Deep vein thrombosis (DVT) occurs when a blood clot (thrombus) forms in one or more of the deep veins in your body, usually in your legs. Deep vein thrombosis can cause leg pain or swelling, but may occur without any symptoms.
Deep vein thrombosis can develop if you have certain medical conditions that affect how your blood clots. Deep vein thrombosis can also happen if you don’t move for a long time, such as after surgery, following an accident, or when you are confined to a hospital or nursing home bed. But clots in deep veins (deep vein thrombosis) require immediate medical care.
These clots are dangerous because they can break loose, travel through the bloodstream to the lungs, and block blood flow in the lungs (pulmonary embolism). Pulmonary embolism is often life-threatening. DVT can also lead to long-lasting problems. DVT may damage the vein and cause the leg to ache, swell, and change colour.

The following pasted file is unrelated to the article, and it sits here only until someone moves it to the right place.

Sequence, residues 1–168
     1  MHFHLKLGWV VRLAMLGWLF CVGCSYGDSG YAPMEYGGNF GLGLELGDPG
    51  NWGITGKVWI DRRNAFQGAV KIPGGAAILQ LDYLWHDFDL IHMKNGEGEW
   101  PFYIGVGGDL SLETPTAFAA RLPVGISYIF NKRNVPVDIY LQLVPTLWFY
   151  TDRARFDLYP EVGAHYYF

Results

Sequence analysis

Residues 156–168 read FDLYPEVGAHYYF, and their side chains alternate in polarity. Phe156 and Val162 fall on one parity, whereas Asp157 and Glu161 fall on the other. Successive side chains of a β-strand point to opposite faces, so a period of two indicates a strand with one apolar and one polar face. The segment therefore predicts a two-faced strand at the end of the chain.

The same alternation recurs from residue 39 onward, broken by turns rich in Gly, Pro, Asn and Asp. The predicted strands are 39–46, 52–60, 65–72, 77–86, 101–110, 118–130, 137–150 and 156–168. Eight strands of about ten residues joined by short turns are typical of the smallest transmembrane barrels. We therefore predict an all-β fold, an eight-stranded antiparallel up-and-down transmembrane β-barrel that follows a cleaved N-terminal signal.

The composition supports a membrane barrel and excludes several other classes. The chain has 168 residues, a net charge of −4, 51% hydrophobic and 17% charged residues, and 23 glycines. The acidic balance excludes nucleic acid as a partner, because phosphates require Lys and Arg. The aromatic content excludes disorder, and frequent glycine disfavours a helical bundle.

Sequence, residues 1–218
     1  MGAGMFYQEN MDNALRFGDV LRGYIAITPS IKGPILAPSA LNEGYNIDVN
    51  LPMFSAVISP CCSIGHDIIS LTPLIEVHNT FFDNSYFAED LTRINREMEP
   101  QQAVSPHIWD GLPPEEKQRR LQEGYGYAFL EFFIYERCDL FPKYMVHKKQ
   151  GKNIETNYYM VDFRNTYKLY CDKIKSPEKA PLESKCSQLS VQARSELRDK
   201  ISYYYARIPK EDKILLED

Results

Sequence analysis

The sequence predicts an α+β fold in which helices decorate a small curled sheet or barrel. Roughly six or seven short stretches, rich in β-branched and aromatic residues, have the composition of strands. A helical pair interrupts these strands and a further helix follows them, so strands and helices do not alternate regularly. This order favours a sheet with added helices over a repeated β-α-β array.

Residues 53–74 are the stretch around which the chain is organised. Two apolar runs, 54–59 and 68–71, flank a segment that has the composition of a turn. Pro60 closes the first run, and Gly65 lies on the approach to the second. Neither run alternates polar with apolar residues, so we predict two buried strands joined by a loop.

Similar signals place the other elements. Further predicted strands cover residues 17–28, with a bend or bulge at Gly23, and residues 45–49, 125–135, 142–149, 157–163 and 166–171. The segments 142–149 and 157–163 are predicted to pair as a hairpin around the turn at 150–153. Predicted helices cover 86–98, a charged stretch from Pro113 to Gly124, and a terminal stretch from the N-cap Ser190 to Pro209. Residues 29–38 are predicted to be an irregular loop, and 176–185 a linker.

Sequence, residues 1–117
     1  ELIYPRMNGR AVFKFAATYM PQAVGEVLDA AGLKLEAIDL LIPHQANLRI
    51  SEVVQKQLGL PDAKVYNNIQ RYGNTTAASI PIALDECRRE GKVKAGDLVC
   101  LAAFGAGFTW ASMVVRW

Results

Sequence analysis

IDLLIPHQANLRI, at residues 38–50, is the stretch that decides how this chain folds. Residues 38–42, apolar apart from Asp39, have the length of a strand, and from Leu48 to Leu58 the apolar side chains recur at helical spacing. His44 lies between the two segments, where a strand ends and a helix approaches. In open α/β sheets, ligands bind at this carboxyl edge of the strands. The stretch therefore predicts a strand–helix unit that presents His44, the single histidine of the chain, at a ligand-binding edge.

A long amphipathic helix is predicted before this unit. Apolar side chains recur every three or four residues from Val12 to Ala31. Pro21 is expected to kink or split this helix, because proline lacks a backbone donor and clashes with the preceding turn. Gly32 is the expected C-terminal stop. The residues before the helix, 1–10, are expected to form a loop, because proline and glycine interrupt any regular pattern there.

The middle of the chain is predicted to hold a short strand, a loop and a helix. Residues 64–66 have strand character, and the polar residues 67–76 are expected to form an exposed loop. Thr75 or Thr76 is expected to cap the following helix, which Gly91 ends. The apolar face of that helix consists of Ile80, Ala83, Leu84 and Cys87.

- swelling of the affected leg.
- leg may feel warm and look redder than the other leg.
- The calf or thigh may ache or feel tender when you touch or squeeze it or when you stand or move.
Treatment begins right away to reduce the chance that the blood clot will grow or that a piece of the clot might break loose and flow to your lungs. Treatment for DVT usually involves taking blood thinners (anticoagulants) for at least 3 months to prevent existing clots from growing.
Your doctor also may recommend that you prop up or elevate your leg when possible, take walks, and wear compression stockings. These measures may help reduce the pain and swelling that can happen with DVT.
There are things you can do do to prevent deep vein thrombosis. After surgery, you can take an anti-coagulant medicine to prevent blood clots. You might also wear compression stockings. You can try to get up and out of bed as soon as possible after an illness or surgery. If you are sitting for a long time, like during a long flight, you can exercise your legs to help blood flow.